September 2016 Articles
I've Quit So Many Things in My Life. Quitting Smoking Was the Hardest.
I've quit many things in my life but quitting smoking was the hardest. It's been eight years since I quit smoking and it blows my mind how much the smoke that I used to love bothers me so much now.
I Want to Do This for ME!
On March 15, 2016, I had one cigarette left in my pack and I smoked it on the way to work. I have not had a cigarette since that time.
Smoking Doesn't Control My Life Anymore. I Do.
I started smoking when I was 16 years old and continued for 38 years. I was recently asked how often I smoked, but the better question is "When didn't I smoke?" I guess everyone has to sleep sometime.
A New (Smokefree) Life Ordered Up
I'm a flight nurse, a father of three daughters, divorced and I'm a smoker. I was looking pretty good until the last part. Actually I didn't even have to confess the last part, you probably smelled me long before you met me. Frankly I never tried quitting and never cared before now.
Cigarettes Control Your Life, Not the Other Way Around
I smoked for over 40 years, and tried quitting several times with pills, patches and hypnosis. And then I had a heart attack, and the hospital really drilled into me to stop quitting and recommended the Freedom from Smoking program. It was the only thing that I hadn't tried before, and it was what finally worked.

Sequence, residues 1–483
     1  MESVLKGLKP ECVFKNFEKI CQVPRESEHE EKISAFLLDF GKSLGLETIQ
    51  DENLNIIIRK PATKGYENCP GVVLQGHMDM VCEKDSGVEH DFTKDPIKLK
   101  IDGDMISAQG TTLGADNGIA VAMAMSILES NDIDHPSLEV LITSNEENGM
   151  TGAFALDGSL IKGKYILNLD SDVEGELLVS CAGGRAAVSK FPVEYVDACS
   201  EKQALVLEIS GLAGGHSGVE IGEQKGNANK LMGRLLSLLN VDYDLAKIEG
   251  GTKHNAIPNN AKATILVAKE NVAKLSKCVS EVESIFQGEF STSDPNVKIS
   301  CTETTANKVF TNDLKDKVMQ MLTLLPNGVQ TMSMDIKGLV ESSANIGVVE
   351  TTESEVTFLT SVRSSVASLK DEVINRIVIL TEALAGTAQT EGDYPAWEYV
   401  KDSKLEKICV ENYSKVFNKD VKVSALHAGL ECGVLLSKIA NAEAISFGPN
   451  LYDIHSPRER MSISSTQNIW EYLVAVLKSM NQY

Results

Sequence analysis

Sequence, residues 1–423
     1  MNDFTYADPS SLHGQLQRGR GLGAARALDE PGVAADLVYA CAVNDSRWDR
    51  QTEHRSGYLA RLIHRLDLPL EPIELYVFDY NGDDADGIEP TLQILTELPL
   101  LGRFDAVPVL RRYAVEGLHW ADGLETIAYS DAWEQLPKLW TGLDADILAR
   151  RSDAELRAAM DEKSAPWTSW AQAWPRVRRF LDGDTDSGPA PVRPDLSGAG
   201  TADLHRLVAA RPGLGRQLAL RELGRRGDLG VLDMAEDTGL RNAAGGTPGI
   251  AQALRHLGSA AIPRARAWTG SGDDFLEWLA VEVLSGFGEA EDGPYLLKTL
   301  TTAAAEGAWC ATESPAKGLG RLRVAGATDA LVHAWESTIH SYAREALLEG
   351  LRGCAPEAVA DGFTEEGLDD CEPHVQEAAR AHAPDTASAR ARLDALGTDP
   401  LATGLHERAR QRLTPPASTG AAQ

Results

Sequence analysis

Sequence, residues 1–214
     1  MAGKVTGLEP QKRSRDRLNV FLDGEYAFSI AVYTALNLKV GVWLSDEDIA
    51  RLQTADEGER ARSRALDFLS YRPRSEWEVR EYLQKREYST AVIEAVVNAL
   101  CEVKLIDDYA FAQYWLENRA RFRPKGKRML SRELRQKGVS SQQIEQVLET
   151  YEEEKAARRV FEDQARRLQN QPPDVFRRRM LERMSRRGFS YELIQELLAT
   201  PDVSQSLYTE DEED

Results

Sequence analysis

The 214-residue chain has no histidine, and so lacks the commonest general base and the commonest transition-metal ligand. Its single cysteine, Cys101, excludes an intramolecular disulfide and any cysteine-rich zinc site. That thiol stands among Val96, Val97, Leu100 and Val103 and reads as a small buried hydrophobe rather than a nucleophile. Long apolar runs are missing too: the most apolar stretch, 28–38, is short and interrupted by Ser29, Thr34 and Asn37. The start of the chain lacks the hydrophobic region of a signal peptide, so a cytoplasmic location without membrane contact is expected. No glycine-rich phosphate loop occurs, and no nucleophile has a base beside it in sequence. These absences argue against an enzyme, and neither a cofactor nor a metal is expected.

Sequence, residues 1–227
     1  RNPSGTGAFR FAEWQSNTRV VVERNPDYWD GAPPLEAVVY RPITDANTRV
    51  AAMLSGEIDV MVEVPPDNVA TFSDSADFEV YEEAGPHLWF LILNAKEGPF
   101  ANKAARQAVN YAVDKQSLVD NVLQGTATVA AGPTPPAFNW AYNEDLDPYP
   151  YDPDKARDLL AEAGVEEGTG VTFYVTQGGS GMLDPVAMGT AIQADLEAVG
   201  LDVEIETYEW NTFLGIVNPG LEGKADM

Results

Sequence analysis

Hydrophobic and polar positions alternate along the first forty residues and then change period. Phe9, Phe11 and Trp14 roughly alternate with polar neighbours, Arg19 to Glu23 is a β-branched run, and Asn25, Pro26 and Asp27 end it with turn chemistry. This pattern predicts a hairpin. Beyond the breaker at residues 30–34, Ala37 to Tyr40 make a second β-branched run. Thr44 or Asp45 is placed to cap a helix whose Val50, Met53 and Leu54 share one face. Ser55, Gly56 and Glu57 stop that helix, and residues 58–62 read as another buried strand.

Through Mulish Determination and a Little Help From My Friends
I started smoking in my senior year of high school and continued to smoke for the next 45 years. I finally came to the conclusion that I couldn't quit smoking on my own.
From Three Packs a Day to Smokefree!
I first started smoking when I was in middle school. One or two cigarettes a day. Then high school when my mother found out, I was allowed three a day. That was in the late 1960s when people didn't know the consequences. It was "cool" to smoke; even advertised that way.
7 Things Everyone Should Know about Pulmonary Fibrosis
This September is Global Pulmonary Fibrosis Awareness month. Pulmonary Fibrosis is a serious lung disease, but what exactly is it?Related Topic: Health & Wellness
Looking at the Respiratory Impacts of the Sept. 11, 2001 Attacks
Fifteen years after Sept.11, 2001, we remember and honor the victims of the tragic attacks, and the first responders who risked their own lives to save others. Beyond the terrible destruction and loss of life, many of the survivors and first responders suffered from respiratory illness due to their exposure to what many refer to as "World Trade Center Dust."
Stop the Cigar Lobbyists' Back Room Deal
Riders are often attached to spending bills behind closed doors after corporate lobbyists have met with members of Congress and their staffs—hence the term "back-room deals." And they come at the expense of regular Americans.Related Topic: Tobacco & Smoking
Sign up for the latest lung health news sent right to your inbox.
Join more than 500,000 people who receive research updates, inspiring stories, health information and more.